Henry and Northumberland enter to begin this scene, heading for Berkeley Castle even though they don’t quite know where it is. Soon Harry Percy enters, hoping to lend his service to Henry, whom he has never met. After they are introduced and Percy swears his loyalty, Percy says that Berkeley Castle is close and manned by 300 men.
The introduction of Henry and Percy is especially significant given their dispute in Henry IV Part 1, as Henry will at once battle with Percy and wish that he had Percy for a son instead of his own disappointing Hal.
At this moment Ross and Willoughby enter, and after them comes Berkeley, who carries a message for Henry, who in turn states that he is in England to stake a claim to his rightful inheritance, including the title of Lancaster. Berkeley says that the Duke of York has sent him.
Here, Henry claims that he only wants what is rightfully his: his inheritance. He is not yet making an overt claim to the throne, and he attempts to appear peaceful and obedient to Richard.
York then enters and begins scolding Henry for violating Richard’s decree of banishment by stepping again on English soil. He says that he would take action against Henry if he were a younger, abler man. Henry asks what he has done wrong, and York responds that he has committed treason and rebellion and returned despite being banished.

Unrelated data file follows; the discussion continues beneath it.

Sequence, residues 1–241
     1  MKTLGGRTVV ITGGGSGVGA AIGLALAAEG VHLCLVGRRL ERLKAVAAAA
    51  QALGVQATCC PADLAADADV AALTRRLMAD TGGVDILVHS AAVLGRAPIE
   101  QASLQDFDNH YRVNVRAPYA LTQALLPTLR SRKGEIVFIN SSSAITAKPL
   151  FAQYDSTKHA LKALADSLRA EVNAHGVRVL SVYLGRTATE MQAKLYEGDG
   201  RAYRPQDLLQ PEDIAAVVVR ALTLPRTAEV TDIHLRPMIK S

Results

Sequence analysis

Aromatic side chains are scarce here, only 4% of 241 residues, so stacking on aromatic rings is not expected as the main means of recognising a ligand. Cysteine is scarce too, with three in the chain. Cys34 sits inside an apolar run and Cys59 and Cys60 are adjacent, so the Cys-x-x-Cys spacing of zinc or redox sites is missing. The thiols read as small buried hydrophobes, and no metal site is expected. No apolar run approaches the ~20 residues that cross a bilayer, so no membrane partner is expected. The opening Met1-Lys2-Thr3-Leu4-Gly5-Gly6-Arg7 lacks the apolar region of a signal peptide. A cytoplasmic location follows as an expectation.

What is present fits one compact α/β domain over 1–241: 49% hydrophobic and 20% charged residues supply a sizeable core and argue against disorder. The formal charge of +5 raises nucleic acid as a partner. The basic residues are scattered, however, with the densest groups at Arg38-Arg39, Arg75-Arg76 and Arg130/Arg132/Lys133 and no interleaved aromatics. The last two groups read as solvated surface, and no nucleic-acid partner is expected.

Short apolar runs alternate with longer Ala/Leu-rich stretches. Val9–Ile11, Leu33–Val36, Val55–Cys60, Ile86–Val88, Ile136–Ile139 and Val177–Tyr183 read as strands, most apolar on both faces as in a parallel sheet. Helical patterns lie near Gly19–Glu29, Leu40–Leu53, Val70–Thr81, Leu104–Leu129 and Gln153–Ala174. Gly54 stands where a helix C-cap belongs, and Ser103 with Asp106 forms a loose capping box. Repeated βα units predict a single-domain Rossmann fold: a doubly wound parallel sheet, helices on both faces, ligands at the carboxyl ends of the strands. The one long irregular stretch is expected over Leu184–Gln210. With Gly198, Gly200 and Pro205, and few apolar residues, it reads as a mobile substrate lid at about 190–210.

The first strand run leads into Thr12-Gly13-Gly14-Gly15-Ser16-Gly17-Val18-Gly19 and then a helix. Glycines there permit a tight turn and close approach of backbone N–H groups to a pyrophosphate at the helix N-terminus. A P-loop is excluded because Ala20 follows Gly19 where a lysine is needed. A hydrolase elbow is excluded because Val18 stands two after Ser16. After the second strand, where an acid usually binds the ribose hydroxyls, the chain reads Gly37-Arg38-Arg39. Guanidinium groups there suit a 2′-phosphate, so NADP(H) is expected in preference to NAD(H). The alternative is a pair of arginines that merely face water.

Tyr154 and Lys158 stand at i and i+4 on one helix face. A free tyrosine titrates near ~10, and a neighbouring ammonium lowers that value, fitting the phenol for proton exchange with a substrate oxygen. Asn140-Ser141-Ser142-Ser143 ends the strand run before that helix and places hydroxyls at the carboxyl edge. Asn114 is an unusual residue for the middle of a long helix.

York, who has expressed sympathy for Henry, tries to hold on to his honor and continue defending Richard, England, and the sanctity of the throne and the laws of the country. By returning to England, technically Henry has committed treason.
Henry’s clever response is that he was banished under a different title and has simply come back to England to claim a new one that is rightfully his (“Lancaster”). Henry tells York that he sees his father in him, and asks the Duke to look past the supposed treason. Henry says “I am a subject, / and I challenge law,” demanding his rights and beginning to assert the notion that Richard can be held accountable for his actions on the throne.
Henry uses clever language in response to York, saying that he has done nothing wrong since he is back in England under a different name and title. Here he begins to suggest the idea that citizens can make demands of kings, and that monarchs can he held accountable by the people and the laws of England.
Northumberland and the other nobles agree that Henry has been mistreated, and even York agrees that Richard has been unfair and a subpar king. York says, however, that staging a rebellion is still wrong. Northumberland assures York that Henry is merely there to reclaim his titles, nothing more, and York admits that he doesn’t have the power to stop Henry and his forces. Instead, he offers them hospitality in Berkeley Castle. They accept, and ask York to accompany them later on their journey to Bristol Castle to confront Bushy and Bagot. York agrees, despite hating the fact that he is now forced to break England’s current laws (i.e. the commands of Richard).
Henry’s popularity is apparent, as all of the nobles agree with him. And York, who keeps his honor in officially supporting the king, admits that Richard is unfair and a bad ruler. He cannot make Henry’s political leap, however, of believing that a king’s bad behavior can be justification for rebellion. At the same time, York doesn’t have the forces to stop Henry, so instead he decides to offer hospitality and prevent any bloodshed. The ease with which Henry moves through England in this play is contrasted by the war-centric plays that follow in the tetralogy.